As I said earlier in this article, back in early July of this year I saw a similar complacency about utilities and REIT's. In my two decades in the market, I have never seen such ridiculous valuations in these two sectors.
They have corrected significantly since I put out those warnings. This Utility ETF is now down 10.7% since my warnings. That wipes out a lot of returns that investors, who were buying utilities back in July thought they would continue receiving.
It seems that bubbles mostly all share the same characteristics. Outsized returns continue to attract investors who think that the ride will last forever. They COMPLETELY ignore valuations, and are instead sucked in by performance. I cannot emphasize enough how important VALUATION is, however/
It is always a good idea for investors to look at the long term historical price to earnings, price to sales, price to cash-flow, and price to book value ratios before plunking down their money. It makes much more sense to pay a low or reasonable valuation than a high or extreme valuation. You want the risk to reward ratio in your favor.
If you don't follow this procedure, you will have a lot of hard lessons to learn going forward. As an analyst, if I could not justify a much higher price based on valuation, then I could not recommend the stock.
Back in July of this year, I also saw EXTREME complacency in the REIT sector. As usual, Standard Poor's was getting ready to reward them with their own sector at right about their top. Maybe this one of the reasons for the extreme run up, but I think that investors chasing dividend yield were an even bigger reason.
REIT's were also attracting investors because of the "out-sized" returns that they had been dishing up over the last five years.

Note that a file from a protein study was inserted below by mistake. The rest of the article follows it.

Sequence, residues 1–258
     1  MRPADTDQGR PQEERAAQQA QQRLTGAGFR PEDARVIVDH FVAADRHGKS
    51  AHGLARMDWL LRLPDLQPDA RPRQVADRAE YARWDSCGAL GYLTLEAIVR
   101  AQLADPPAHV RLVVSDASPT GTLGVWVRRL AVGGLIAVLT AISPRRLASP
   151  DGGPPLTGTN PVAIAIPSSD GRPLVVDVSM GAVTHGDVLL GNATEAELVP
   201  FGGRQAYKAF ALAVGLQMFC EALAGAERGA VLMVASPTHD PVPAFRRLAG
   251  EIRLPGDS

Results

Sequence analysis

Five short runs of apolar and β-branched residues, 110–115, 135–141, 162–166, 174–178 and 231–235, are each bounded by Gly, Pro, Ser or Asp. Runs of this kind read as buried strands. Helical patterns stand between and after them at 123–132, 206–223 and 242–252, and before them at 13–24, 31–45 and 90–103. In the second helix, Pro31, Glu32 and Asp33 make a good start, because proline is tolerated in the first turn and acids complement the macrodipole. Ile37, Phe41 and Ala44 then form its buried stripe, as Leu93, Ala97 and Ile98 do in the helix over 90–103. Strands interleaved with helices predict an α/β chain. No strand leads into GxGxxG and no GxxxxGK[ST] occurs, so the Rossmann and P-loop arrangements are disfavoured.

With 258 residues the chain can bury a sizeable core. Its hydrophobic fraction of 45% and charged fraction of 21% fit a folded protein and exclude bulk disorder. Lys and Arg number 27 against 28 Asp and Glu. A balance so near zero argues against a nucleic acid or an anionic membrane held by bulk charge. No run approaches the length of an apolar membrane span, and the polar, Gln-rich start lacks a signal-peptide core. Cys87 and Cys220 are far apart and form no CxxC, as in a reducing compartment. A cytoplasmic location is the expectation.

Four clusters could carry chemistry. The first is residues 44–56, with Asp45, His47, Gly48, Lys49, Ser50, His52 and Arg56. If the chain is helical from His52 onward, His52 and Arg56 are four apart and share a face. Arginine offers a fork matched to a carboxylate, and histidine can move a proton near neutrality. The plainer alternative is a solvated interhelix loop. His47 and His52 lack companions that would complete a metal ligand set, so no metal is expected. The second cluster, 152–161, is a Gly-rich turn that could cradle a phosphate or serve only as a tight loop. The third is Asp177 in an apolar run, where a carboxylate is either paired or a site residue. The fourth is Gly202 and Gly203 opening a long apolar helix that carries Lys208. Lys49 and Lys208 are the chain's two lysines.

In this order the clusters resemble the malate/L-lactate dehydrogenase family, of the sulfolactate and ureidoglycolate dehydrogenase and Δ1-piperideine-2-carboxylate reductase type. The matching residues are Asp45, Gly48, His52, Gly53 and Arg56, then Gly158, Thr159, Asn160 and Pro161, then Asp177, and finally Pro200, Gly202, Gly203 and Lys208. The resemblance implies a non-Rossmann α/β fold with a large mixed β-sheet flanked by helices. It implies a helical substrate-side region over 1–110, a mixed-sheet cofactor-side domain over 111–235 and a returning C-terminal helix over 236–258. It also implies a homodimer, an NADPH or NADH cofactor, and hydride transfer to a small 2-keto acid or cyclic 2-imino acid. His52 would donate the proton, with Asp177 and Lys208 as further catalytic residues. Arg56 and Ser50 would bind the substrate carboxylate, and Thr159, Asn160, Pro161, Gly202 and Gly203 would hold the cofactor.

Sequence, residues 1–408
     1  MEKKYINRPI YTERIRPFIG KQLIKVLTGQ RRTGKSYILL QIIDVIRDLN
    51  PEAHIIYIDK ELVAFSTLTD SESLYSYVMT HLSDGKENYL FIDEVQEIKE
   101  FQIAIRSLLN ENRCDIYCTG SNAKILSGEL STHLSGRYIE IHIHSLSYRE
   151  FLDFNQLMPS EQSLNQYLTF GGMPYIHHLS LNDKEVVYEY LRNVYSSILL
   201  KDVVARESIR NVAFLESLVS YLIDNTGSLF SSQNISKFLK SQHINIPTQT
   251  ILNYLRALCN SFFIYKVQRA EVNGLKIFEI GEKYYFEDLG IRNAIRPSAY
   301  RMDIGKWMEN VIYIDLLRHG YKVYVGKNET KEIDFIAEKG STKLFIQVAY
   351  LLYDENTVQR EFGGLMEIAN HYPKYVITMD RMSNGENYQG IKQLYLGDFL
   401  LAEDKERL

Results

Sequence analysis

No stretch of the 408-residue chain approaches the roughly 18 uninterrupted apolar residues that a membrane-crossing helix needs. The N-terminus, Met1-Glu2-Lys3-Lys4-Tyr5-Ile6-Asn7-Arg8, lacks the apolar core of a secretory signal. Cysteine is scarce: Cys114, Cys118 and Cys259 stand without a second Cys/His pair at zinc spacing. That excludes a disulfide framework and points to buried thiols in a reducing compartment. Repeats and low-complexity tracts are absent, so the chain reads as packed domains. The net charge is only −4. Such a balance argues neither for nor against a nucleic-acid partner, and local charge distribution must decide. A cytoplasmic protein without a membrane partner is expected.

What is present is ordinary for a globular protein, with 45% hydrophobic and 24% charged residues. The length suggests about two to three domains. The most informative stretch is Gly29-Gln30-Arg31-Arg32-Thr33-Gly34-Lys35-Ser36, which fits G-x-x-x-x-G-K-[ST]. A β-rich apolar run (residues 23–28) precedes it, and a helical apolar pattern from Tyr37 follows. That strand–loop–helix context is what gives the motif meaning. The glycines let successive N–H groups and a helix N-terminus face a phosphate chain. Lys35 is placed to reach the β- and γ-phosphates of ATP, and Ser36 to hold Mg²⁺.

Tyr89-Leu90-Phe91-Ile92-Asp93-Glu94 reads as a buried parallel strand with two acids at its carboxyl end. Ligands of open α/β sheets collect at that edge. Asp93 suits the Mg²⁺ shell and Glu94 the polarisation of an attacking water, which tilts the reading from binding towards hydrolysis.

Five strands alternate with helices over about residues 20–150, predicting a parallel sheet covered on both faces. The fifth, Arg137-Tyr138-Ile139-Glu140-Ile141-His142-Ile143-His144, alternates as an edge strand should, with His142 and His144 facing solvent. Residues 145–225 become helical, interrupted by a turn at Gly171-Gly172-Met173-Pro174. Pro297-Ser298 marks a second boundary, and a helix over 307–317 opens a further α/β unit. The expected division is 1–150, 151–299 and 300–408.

(Data from BestStocksNowApp.com)
Here, the bubble scenario plays out all over again. Outsized returns attract investors who eventually ignore valuations, and then the selling begins when more value oriented investors begin to sell for big profits.
In my August article, I gave several specific examples of REIT's that I cashed in for big, outsized gains back in July, when I took the time to examine their rising valuations. I find the REIT's and utilities to still be overvalued, yet I continue to see buy recommendations all the way down.
Now add in the recent rise in interest rates and the prospects for rates to continue to rise, and they just make little sense at the current time. Don't expect anywhere near the returns that you have received in the past. As interest rates continue to rise, REITs and Utilities become less and less attractive.
So now what is an income investor to do?
My growth and Income portfolio currently contains 26 positions. The average dividend yield is 7.6%. Here are three of my current favorites from that portfolio.
I have been writing about British Petroleum (NYSE:BP) for quite some time. It currently sports a dividend yield of 6.6%. The yield was over 7% when I bought it. BP is being helped by rising oil prices, a sinking pound, and the possibility of rising interest rates.
I continue to be bullish on the oil patch both for income and growth. Last week, I wrote about my two favorite energy stocks. They continue to break out to new highs.
I believe that BP still has plenty of upside potential along with its dividend yield.
Banks also like rising rates. Brazil is also the top performing market in the world this year, and Banco Santander currently sports a dividend yield of 5.7%. My numbers show that the stock also has good upside potential in addition to the dividend.
Floating Rate funds also benefit from rising rates. The BlackRock Floating Rate Income Trust Fund (NYSE:BGT) currently sports a dividend yield of 5.1% and could also deliver capital appreciation if rates continue to rise.
This is a very, very tricky environment indeed for income investors. Traditional Asset Allocation that leans heavily on bonds looks downright dangerous to me. What will the robots do when bonds start to come unraveled? In addition this, other traditional income sectors like utilities and REIT's continue to have very unfavorable risk to reward ratios.
Fortunately, with a little common sense and judgement, there are still plenty of opportunities to build an income and growth portfolio that can deliver a decent monthly check to retirees.
You can follow me on StockTwits.com: @BillGunderson or listen to my daily, national radio show on the Salem Wall St. Network.
Disclosure: I am/we are long BP, BSBR, BGT.
I wrote this article myself, and it expresses my own opinions. I am not receiving compensation for it (other than from Seeking Alpha). I have no business relationship with any company whose stock is mentioned in this article.